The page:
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Apple maps strand drivers in desert
Australian police are warning that Apple's much-maligned mapping application is stranding drivers headed to the southern city of Mildura in the middle of a remote state park.
Victoria state police said an error in Apple's Maps service places the city of Mildura about 44 miles away in the Murray Sunset National Park. The park is a desert-like 1,900 square mile region with scorching temperatures and virtually no mobile phone reception.
Police have been forced to rescue distressed drivers. Some were stranded for 24 hours with no food or water and walked long distances through tough terrain to access phone reception. The latest technical glitch came after Apple's mapping software placed Dublin airport on a farm three miles south of the city.
Chief executive Tim Cook apologised in September and said the map service "fell short" of Apple's standards.
Victoria state police said: "Police are extremely concerned as there is no water supply within the park and temperatures can reach as high as 46 degrees, making this a potentially life-threatening issue."
Earlier this year, Apple dropped Google Maps from its mobile operating systems in favour of its own mapping application, which has been criticised for bad directions, misplaced landmarks and missing towns.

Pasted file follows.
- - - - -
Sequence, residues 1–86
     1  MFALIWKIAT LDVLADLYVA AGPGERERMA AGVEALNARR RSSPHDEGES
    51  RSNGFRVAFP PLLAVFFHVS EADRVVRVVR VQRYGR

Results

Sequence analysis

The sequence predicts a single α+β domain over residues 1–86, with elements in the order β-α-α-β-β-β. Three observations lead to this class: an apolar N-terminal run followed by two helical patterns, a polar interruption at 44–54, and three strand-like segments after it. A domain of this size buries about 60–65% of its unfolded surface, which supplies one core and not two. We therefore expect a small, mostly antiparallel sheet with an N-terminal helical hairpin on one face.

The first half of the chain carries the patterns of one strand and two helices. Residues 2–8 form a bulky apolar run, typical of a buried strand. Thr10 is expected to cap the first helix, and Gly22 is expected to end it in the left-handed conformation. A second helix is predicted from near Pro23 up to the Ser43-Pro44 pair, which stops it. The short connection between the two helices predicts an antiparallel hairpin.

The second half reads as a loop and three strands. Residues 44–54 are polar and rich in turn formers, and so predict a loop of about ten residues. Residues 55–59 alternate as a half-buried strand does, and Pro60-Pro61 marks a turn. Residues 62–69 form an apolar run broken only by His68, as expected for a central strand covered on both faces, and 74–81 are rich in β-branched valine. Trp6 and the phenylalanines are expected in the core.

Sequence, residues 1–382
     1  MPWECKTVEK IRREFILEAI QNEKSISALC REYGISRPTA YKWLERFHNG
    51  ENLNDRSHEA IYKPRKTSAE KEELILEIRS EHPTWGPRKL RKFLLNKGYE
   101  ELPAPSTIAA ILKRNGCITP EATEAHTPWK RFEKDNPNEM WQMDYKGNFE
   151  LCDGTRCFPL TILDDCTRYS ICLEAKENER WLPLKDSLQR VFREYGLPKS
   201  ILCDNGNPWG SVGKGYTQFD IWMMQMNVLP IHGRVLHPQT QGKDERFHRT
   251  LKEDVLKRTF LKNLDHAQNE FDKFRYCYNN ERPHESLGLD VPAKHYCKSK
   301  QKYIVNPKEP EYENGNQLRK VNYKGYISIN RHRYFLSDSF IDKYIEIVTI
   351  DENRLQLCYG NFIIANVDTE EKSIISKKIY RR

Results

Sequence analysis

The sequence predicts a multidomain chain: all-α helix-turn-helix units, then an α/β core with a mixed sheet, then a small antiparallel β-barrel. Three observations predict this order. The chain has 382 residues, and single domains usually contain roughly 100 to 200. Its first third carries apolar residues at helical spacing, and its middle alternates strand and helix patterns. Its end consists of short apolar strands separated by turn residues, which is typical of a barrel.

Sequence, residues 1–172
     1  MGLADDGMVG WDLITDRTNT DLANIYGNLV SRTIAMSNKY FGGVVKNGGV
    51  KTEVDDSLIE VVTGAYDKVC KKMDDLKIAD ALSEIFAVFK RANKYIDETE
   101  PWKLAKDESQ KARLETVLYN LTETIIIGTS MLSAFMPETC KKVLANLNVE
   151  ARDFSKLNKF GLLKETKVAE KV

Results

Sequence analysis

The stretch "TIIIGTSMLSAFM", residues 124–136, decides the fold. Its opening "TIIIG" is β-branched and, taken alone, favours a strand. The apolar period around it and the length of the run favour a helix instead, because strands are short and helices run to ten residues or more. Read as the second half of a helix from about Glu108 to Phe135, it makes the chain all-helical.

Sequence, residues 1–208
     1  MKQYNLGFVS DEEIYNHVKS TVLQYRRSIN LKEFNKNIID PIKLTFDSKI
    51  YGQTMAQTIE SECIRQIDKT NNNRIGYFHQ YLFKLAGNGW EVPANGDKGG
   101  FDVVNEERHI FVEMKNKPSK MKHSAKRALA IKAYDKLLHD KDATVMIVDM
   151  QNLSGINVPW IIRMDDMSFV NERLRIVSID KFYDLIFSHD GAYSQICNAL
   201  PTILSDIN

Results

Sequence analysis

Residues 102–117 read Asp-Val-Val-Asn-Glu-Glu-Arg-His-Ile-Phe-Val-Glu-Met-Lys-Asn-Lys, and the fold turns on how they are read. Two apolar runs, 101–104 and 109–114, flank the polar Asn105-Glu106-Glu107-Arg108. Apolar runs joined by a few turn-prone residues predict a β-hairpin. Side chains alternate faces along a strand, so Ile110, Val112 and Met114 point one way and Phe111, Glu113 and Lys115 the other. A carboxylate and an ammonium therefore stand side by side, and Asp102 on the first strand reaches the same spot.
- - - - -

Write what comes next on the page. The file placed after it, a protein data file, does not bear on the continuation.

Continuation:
In the past 30 days, six people have been stranded after turning into the park via a dirt road the Maps application recommends, Mildura police inspector Simon Clemence said. The track eventually opens up into rough desert terrain that is only accessible to four-wheel drives, and cars are getting stuck in the sand.
"If you're stuck out there in that and you haven't prepared, you've got nothing, you could be in a fair bit of trouble," Mr Clemence said.
Police received no response when they tried to contact Apple, he added. It appears the tech giant has tried to fix the problem; drivers coming from the southern city of Adelaide are now correctly directed by the Maps application to Mildura, Mr Clemence said, but drivers from Melbourne are still sent into the park.
"So 50% of the people are safe and 50% of the people aren't, so they sort of half-fixed it. It's a pretty serious problem. There's a fair amount of responsibility on Apple to get this fixed."